Recommendation 28: Counties in New Jersey should consider doing a somewhat similar bold vision of their own. They should seek to put their own stamp on it, customizing it for their own current and anticipated circumstances. Similarly, they should stretch their imaginations to reach what seems to be needed, and even make up a few new terms, if appropriate, along the way. Even better would be if, like the vision for Montgomery County, they also seek to have beneficial impacts on other counties and even other places around the world.

Of course, even wonderful visions, once created, have to be frequently invoked and their spirit seen in what is actually practiced (as implied in the beginning quote from Achim Steiner, the Administrator of the United Nations Development Program). We could use vision-invokers whose role it would be to point out when plans and actions fall short.

In the next Part, we’ll return to the mindset barriers problem discussed in Part 4, by showing a more positive view of mindsets that might help.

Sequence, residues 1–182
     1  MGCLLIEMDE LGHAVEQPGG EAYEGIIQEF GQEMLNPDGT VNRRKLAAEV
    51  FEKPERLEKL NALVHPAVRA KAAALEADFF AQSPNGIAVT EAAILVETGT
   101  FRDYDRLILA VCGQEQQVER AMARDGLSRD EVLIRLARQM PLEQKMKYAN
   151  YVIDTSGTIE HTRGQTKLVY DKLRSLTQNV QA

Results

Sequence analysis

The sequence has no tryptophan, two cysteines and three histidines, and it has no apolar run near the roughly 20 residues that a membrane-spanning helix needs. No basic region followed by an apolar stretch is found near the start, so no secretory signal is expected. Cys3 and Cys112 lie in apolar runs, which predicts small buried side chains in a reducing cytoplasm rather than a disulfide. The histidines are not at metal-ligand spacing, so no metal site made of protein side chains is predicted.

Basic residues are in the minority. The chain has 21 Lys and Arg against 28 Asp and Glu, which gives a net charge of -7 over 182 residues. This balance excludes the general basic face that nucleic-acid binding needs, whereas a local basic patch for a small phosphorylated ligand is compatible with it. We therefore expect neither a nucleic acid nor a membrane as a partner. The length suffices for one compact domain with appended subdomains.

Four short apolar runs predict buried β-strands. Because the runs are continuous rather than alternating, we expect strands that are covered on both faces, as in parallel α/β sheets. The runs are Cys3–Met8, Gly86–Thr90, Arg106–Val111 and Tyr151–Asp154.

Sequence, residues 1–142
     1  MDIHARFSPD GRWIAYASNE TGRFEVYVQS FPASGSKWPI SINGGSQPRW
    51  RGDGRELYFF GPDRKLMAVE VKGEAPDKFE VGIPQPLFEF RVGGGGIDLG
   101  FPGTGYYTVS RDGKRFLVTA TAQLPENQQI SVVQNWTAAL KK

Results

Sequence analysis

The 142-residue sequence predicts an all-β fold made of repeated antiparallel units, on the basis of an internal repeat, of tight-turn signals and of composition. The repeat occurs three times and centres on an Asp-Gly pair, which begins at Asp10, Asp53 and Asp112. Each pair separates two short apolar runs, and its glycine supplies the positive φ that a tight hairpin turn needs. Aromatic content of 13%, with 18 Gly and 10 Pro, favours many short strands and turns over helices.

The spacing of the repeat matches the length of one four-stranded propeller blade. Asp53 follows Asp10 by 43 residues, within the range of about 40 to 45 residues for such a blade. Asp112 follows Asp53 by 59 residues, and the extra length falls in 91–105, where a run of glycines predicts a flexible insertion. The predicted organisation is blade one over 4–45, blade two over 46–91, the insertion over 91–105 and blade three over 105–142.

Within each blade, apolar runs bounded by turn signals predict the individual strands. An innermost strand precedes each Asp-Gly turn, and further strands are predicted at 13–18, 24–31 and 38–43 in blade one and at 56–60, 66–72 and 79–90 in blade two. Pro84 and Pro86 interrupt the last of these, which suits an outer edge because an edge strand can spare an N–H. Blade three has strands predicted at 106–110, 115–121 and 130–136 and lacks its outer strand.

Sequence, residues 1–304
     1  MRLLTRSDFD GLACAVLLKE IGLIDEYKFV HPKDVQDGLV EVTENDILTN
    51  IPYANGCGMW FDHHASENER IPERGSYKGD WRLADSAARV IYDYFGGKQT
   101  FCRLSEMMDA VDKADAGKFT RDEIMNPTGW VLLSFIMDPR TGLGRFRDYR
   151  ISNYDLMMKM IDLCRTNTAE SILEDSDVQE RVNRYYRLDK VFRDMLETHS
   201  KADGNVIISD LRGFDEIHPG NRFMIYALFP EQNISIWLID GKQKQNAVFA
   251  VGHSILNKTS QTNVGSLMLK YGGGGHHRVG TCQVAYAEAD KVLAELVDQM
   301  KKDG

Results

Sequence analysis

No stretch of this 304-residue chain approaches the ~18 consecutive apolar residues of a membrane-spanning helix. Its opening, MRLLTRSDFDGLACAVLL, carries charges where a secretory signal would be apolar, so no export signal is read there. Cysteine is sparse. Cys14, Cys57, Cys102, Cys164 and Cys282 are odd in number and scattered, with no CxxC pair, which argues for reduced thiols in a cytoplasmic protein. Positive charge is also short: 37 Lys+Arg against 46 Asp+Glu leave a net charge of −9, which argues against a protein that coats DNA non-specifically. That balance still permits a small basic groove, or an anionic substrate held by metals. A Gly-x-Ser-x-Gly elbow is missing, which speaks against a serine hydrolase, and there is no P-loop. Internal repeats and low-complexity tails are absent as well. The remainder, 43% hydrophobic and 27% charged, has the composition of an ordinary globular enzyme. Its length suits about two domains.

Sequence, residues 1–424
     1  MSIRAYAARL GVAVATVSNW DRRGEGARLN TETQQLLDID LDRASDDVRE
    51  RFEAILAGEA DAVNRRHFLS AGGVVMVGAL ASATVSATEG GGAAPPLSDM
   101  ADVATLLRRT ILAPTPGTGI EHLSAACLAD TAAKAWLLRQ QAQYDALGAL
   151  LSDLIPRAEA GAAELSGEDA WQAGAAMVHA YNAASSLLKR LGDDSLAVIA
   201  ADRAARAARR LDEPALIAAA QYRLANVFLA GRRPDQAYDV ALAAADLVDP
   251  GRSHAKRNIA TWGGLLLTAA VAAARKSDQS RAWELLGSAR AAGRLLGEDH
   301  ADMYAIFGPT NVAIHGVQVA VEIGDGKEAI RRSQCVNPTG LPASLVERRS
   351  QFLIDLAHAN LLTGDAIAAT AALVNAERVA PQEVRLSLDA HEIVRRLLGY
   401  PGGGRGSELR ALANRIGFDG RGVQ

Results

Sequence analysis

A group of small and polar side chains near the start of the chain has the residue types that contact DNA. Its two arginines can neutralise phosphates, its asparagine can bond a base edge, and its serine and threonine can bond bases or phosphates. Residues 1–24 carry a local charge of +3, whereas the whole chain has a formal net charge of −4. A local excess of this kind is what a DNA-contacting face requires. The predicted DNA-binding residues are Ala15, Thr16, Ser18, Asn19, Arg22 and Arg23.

End Notes

[1] Editor’s note: The former head of New Jersey’s Office of State Planning, as well as New Jersey Higher Education Partnership for Sustainability, has been doing a lot of thinking and writing about climate change since leaving our state. At the same time, the construction of a vision can open up a sense of the possibilities by at least temporarily freeing up usually binding constraints to creativity, identifying what is needed, and showing what it would look like if obstacles could be eliminated. Therefore, I asked Herb to re-post his essay here. (Matt Polsky)

[2] For more information about Montgomery County, see the source below. For quick reference, cities in it include Silver Spring, Rockville, and Bethesda.


Wikipedia. (2019, February 22) Montgomery County, Maryland.,_Maryland.